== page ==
102nd PGA Championship
Hole 6
4
Par
472
Yardage
06.svg
The most difficult par 4 on the front, No. 6 asks you to thread your tee shot between thick Cypress trees and favor the right side of the fairway to set up the best angle into the green. If you survive the tee shot, your approach contends with a green that is well guarded with three bunkers short left, a grass bunker short right, and a steep drop off long. If you haven’t tested your short-game yet, you may very well have to here. Par on No. 6 always feels like you’ve gained a stroke on the field. -Smith & Stoterau


102nd PGA Championship
Hole 7
4
Par
340
Yardage
07.svg
You can almost grab a birdie from the tee on No. 7, but one errant decision and you could be grabbing bogey or worse. Depending on your strategy, you can lay up to a yardage or try to drive the green and contend with bunkers and more. Executing the right decision can lead to a birdie and some real momentum into a nice run of scoring holes. -Smith & Stoterau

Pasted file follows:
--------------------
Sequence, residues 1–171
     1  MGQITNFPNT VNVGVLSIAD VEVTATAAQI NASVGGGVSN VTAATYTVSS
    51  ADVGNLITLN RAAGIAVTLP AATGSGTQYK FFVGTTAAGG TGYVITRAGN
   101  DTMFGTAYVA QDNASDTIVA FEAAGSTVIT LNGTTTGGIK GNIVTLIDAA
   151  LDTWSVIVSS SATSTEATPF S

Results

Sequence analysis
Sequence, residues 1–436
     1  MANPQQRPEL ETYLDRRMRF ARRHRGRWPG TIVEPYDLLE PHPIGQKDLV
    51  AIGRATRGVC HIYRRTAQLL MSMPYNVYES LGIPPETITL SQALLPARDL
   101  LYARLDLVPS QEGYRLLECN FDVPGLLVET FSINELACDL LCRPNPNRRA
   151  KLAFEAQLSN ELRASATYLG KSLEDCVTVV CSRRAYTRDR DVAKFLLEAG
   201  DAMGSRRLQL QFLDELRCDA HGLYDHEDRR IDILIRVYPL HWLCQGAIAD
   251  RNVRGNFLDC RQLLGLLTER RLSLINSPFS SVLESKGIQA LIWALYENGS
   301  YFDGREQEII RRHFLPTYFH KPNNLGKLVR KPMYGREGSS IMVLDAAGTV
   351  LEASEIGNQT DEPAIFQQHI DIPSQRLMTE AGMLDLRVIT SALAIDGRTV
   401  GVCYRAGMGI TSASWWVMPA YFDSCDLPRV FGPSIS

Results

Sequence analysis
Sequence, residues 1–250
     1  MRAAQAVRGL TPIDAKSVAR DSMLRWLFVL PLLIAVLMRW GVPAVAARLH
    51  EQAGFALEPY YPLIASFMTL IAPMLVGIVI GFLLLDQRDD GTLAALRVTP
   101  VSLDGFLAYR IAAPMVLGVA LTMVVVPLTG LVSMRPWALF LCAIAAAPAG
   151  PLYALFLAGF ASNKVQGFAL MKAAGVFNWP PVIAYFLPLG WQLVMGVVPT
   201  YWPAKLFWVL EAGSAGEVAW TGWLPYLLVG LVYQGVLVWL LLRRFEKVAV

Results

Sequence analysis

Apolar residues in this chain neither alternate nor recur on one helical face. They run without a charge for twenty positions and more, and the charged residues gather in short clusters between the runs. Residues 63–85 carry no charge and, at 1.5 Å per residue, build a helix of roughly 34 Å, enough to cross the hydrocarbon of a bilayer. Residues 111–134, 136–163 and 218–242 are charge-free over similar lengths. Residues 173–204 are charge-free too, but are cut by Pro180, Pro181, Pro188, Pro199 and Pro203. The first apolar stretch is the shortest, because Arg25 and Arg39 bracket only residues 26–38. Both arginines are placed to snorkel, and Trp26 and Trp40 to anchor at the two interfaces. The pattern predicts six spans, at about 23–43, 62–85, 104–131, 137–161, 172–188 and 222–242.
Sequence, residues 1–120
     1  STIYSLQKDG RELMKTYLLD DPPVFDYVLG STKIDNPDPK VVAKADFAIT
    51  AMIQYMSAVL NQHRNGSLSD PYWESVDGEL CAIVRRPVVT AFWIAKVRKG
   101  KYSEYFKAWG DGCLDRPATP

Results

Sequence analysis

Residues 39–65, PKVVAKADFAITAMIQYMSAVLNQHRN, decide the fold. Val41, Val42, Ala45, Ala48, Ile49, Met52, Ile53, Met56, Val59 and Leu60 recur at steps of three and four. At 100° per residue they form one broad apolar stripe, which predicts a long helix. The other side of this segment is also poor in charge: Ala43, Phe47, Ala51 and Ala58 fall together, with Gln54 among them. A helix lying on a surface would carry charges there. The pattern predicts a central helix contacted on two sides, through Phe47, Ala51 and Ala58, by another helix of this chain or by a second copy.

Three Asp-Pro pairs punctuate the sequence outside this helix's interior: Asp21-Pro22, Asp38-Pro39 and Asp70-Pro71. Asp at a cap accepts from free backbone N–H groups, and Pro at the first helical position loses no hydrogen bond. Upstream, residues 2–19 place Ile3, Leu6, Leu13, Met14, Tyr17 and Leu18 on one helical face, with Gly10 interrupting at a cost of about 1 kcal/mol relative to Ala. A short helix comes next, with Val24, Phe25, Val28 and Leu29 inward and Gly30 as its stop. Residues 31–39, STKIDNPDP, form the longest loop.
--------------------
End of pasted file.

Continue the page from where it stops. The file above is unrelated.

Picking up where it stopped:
A view from the eighth hole of TPC Harding Park on October 2, 2018 in San Francisco, California
Hole 8
3
Par
251
Yardage
08.svg
The longest par 3 on the course, No. 8 is arguably the most difficult. Set up to play slightly downhill into a well guarded, front to back sloping green, this tough par 3 asks you to think twice about club selection- or else pay the price. A par on this hole is a solid score and birdies are definitely rare. -Smith & Stoterau


102nd PGA Championship
Hole 9
4
Par
515
Yardage
09.svg
Set up as a beastly 500 yard par 4, the wind generally blows from the left to right off the tee of No. 9, bringing multiple bunkers into play. Do your best to stay to the left of the fairway for a legit chance to hit it close, and once you’ve reached the green, be aggressive with your putts as the surface is relatively flat. - Smith & Stoterau